Bob Daugherty · 2015

Bob DaughertyPicture this:

Richard Nixon, his arms raised and fingers in a “V,” on the steps of a helicopter on the White House lawn, leaving office after resigning as President minutes earlier.

A weary Lyndon Johnson, worn down by the war in Vietnam, writing the speech that announced he would not seek re-election.

President Jimmy Carter, clasping hands with Egypt’s Anwar Sadat and Israel’s Menachem Begin on the White House lawn after the signing of the Middle East peace treaty.

President Carter, on a “town hall” trip through Bardstown, Kentucky, as he crawled out onto the roof of his car, leaning back and stretching to shake the hand of supporters who had crowded the route.

President Ronald Reagan and wife, Nancy, posing atop the Great Wall of China.

Photographer Bob Daugherty captured these images that created history's view of the world.

The son of a Kentucky sharecropper in Owingsville, Kentucky, Daugherty was born Jan. 16, 1939, to Marvin and Kathleen Daugherty. He first learned the power of photographs while peddling the weekly newspaper Grit to neighboring farmers in their fields.

One farmer said, “You know I can't read, but I sure like the pictures,” Daugherty recalls from his home in Noblesville, Indiana, where he moved after covering Washington, D.C., and traveling the world for The Associated Press.

As a youth, he began shooting with an Ansco box camera. Daugherty learned photography could be a career after his father moved the family to Marion, Indiana, to find factory work. Daugherty was taking pictures for the Marion High School yearbook when the Marion Chronicle began looking for a photographer. He was one of two sent from the high school to try out for the job. He earned the position and never looked back.

From there, he joined The Indianapolis Star for a couple of years, and then, in 1963, began his 43-year career with The Associated Press.

Daugherty said his family didn't have money for college, so “I earned my junior college degree at the Marion Chronicle, bachelor's degree at the Star and master's with The Associated Press.”

In each case, he was the youngest photographer on the job and watched carefully to learn from World War II-era photographers.

Daugherty always worked hard to be in the right spot at the right time. On Halloween night in 1963, an explosion tore through the stands of the Indiana State Fairgrounds Coliseum at its Holiday on Ice show, killing 64 and injuring 385 people. Daugherty reached the scene while rescue operations were just beginning. “I lived close and could get there quickly,” he said.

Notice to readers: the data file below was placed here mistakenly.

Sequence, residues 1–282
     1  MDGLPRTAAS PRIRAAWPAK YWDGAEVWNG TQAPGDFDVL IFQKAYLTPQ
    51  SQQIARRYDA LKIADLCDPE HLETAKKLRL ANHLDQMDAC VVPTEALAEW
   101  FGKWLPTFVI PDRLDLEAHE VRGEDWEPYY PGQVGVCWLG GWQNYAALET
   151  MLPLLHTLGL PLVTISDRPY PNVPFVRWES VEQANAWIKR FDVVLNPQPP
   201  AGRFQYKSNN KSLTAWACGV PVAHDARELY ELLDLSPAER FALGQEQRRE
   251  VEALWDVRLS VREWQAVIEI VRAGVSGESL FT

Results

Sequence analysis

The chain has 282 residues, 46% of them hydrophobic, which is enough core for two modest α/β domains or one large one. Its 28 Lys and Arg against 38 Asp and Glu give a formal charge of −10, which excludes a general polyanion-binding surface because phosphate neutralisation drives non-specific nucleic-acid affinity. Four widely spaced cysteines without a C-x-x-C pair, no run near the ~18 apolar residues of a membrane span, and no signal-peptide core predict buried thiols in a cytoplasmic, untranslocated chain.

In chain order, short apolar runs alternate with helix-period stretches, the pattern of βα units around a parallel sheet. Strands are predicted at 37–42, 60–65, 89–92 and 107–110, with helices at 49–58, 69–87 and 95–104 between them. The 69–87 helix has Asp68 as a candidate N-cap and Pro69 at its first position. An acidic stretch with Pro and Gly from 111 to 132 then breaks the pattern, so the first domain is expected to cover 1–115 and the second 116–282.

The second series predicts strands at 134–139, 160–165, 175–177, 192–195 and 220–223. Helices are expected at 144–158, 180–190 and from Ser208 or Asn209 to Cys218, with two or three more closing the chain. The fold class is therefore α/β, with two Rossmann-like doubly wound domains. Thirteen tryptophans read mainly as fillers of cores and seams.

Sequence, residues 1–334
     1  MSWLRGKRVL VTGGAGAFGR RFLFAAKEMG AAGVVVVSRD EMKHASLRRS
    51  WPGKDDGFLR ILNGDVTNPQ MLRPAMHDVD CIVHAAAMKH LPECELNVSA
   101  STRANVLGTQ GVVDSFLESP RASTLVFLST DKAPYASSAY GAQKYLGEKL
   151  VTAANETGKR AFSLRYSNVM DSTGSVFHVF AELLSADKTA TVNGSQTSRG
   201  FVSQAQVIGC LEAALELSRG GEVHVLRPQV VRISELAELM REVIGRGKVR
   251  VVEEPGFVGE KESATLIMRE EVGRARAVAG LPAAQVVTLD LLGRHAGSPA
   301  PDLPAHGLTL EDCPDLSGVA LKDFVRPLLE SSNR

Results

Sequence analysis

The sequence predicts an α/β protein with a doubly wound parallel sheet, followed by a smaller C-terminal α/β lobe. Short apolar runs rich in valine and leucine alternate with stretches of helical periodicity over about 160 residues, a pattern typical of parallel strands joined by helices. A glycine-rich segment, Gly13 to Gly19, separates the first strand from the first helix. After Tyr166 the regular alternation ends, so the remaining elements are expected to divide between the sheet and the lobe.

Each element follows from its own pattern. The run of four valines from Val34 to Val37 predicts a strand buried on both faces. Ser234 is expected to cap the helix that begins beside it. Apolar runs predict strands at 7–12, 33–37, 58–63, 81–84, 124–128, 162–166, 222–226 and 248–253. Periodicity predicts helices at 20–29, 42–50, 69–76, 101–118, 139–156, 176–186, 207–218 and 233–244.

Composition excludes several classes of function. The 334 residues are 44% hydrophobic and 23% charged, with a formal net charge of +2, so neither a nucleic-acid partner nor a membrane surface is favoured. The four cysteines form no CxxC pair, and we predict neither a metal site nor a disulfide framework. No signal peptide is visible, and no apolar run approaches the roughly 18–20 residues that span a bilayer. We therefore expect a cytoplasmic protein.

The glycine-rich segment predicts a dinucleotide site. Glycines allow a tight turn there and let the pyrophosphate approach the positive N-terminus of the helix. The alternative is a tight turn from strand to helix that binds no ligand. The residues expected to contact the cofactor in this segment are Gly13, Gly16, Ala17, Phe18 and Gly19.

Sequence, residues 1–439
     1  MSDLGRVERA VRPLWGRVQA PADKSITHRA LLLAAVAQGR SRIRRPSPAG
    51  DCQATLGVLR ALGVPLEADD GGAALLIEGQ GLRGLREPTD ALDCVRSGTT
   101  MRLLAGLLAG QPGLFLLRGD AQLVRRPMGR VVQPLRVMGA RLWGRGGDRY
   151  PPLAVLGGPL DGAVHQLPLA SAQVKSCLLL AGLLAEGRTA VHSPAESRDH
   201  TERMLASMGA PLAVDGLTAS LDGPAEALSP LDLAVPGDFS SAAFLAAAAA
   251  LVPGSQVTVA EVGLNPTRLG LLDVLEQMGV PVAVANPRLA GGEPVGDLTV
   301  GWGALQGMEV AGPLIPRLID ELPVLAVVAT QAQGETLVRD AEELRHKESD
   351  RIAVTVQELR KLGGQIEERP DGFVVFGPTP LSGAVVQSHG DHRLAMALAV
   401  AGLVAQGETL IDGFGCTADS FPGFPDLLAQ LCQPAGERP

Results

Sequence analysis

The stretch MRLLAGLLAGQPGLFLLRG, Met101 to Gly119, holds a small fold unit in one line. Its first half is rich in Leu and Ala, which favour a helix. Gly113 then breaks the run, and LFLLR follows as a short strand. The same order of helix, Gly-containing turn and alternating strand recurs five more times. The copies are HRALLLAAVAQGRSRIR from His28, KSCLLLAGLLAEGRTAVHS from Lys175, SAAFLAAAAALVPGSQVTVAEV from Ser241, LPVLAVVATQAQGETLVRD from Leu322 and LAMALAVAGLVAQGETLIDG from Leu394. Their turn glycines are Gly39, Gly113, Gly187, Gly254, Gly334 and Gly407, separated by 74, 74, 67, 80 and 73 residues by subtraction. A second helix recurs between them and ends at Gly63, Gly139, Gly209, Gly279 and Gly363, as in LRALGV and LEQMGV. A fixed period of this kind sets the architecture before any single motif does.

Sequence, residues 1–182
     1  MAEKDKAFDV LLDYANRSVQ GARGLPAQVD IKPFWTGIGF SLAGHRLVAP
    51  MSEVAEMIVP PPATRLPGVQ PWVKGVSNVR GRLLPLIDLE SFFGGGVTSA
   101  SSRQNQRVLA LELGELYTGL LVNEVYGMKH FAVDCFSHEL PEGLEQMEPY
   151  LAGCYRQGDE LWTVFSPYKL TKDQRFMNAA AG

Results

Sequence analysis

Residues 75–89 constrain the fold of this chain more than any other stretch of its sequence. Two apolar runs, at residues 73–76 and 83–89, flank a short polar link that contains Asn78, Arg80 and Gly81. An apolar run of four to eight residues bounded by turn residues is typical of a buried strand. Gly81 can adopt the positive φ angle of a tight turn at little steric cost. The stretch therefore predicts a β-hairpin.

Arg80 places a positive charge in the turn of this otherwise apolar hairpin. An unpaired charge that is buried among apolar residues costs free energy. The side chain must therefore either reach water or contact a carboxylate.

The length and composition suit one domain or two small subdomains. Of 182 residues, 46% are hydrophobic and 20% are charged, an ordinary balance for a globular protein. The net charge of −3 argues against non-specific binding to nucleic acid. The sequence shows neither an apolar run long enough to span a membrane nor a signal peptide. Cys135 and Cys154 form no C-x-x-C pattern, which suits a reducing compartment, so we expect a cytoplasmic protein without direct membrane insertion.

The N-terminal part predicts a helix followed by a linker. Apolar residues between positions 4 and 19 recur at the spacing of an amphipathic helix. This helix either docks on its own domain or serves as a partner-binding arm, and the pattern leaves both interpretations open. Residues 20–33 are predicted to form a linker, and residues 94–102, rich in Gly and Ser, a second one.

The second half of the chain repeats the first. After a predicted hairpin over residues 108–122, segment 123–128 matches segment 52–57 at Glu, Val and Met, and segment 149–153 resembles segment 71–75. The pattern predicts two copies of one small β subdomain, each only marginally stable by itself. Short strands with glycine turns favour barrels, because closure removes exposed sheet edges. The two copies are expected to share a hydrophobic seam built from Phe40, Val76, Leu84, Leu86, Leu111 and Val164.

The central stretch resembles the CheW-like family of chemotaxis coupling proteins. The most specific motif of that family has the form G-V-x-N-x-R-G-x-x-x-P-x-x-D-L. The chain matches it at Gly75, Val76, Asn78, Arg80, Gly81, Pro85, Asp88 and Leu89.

From Indianapolis, AP transferred Daugherty to Boston for nine months and ultimately, in 1967, to Washington, D.C., the place he had always wanted to be, covering politics and government at the White House. “That was where it was at; you got good exposure if you did something big,” Daugherty says.

James Polk, an AP reporter and 1994 IJHF inductee, recalls meeting Daugherty for the first time while covering President Harry Truman at the Marion Labor Day parade in 1960.

“Truman rode in an open convertible, perched atop the back seat, in a short parade around the courthouse square, ending at the entrance to the hotel where he had planned a news conference. As the car stopped, we looked up at the hotel’s marquee to see the head of a young man with his arms stretched out, a camera in his hands, dangling over the edge and shooting down to capture Truman from that unique angle.”

Polk also recalls Daugherty also captured the burning tire in mid-air as it flew toward the stands in a fiery crash that killed two drivers on the first lap of the Indianapolis 500 in 1964.

According to Polk, Daugherty photographed at least nine presidents, including Truman and Dwight Eisenhower. He covered Lyndon Johnson, Richard Nixon, Gerald Ford, Jimmy Carter, Ronald Reagan, George H.W. Bush and Bill Clinton during their terms in office.

One Saturday in 1968, Daugherty learned Johnson was at work writing a speech and he “badgered the press secretary all day” to let him in to get a picture of what turned out to be the president's declaration that he would not seek re-election.

Daugherty was on Air Force One when Nixon made his groundbreaking trip to China, photographing his handshake with Premier Zhou En-Lai.

“Bob’s travels would take him to the Middle East for the first Gulf War, to Russia, to Iceland for a presidential summit, to Omaha Beach for the 40th anniversary of D-Day, back to China again in 1984 as Ronald Reagan stood on the Great Wall,” Polk said.

The day Nixon resigned, Polk said, “Bob was the one who was able to position himself almost directly in front of the helicopter steps for those final photos.”

Hal Buell, AP’s longtime executive newsphoto editor, said “Daugherty's skill with a camera and lens selection on any story was unparalleled. But he possessed another skill, rare among picture journalists. Bob somehow was always in the right place to make the key photo. He had a political insight that warned him what would happen.

“And he was always a gentleman gifted with a great sense of humor,” Buell said.

Daugherty says he worked hard and “looked for the picture that would tell the story.”

AP colleague Richard Horwitz adds: “Bob’s talent and ability got him assigned to the important stories and best camera positions. He always came through.”

Daugherty became AP's assistant bureau chief and director for AP State Photo Center in Washington before retiring in 2007.

He is still shooting, although not commercially, and is involved with the Hamilton County Arts Association, Rotary and Kiwanis in Noblesville.

Daugherty has a sister, Alberta, who still lives in Marion. He and his wife, Stephanie, have one son, John, and a grandson, J.T.

By Linda Negro, researcher and former managing editor of the Evansville Courier & Press

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